Escaping from the world today is difficult. The internet and mobile devices ensure we stay updated on the latest trends, news, memes, fun animal videos, and which friend just had a baby. In this era of screens, likes, shares, downloads and clicks, camp endures as an opportunity to make genuine, human connections. Campers and staff rediscover face-to-face interactions, the beauty of playing outdoors, and organically grow problem-solving and interpersonal skills. For over 150 years, camp hasn’t needed a screen to do this.
Last fall, CBS’s “60 Minutes” produced a story about the National Institute of Health launching a 10-year study following over 11,000 nine and 10-year-olds. Between interviews, observations and brain scans, this study aims to research the effects of screen time on child development. On top of that, smart phones now can track your screen time and suggest breaks. Everywhere, people search for the Goldilocks of tech use. They don’t want too much to fry the brain, not too little to miss out on the benefits, but just the right balance for healthy development.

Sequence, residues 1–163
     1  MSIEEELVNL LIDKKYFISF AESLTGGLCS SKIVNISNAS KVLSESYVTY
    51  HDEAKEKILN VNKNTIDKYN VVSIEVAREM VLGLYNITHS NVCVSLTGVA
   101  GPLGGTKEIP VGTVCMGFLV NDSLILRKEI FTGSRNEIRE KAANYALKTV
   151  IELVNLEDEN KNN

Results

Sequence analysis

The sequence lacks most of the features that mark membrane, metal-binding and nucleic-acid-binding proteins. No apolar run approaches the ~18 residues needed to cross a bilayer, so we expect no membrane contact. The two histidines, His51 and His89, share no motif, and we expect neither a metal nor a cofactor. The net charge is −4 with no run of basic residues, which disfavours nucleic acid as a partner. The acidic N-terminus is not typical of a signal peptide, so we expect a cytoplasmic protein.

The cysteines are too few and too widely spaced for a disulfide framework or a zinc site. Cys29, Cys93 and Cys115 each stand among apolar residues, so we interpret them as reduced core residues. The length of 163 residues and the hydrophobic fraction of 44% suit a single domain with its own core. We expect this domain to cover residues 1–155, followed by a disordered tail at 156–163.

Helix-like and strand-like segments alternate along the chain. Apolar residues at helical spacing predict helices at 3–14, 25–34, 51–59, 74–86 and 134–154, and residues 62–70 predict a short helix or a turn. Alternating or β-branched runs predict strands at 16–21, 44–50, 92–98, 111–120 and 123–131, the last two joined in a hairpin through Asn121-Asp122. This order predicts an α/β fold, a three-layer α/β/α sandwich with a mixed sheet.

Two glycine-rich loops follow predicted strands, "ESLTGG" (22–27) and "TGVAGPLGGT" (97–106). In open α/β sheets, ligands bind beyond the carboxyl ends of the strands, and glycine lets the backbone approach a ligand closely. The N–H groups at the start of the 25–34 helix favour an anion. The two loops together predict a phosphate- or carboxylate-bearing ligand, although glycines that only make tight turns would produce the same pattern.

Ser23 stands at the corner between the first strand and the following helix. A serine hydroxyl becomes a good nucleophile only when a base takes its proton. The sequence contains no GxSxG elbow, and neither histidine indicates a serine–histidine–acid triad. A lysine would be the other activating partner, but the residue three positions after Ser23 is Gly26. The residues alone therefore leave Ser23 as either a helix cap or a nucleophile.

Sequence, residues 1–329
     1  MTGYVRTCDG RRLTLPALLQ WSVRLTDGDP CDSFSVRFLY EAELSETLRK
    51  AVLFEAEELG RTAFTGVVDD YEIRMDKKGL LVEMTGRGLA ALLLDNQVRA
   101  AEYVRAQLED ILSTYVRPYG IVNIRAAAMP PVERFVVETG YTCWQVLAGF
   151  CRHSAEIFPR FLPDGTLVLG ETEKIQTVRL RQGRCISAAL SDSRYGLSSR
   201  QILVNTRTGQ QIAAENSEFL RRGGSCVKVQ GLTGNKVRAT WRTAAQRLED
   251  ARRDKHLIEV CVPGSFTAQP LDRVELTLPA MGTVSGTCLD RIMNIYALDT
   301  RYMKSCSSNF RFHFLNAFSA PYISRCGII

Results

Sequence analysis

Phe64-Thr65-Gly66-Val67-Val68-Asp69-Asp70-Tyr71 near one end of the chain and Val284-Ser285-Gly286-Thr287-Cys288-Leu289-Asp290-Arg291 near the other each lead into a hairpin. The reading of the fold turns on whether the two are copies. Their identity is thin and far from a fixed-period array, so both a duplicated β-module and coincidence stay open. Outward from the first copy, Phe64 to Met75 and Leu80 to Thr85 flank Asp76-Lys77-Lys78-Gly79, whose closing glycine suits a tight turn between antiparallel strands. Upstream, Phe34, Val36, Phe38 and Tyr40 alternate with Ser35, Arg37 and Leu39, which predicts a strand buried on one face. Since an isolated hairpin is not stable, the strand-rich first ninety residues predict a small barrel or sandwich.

Unplugging encourages young people to develop 21st Century Skills that aren’t always the focus in school. Camp generously provides opportunities to develop interpersonal, critical thinking, and problem-solving skills. It emphasizes in-person communication and helps foster creativity and innovation through both structured and unstructured activities. Whether learning a new craft in arts or conquering a challenge course with teammates, camp’s old-school ways prepare young people for the new 21st century.
Tracking the National Institute of Health study for the next decade will be interesting. These findings may set the benchmark for what’s considered healthy screen time. Until then, we know the benefits of camp and the screen-free culture most camps embrace. In this environment, camp allows both children and staff a chance to unplug, connect, and explore. For a week, a month, or the whole camp season, consider sending your child to camp for a screen-free alternative this summer.
Provided by the American Camp Association, New England.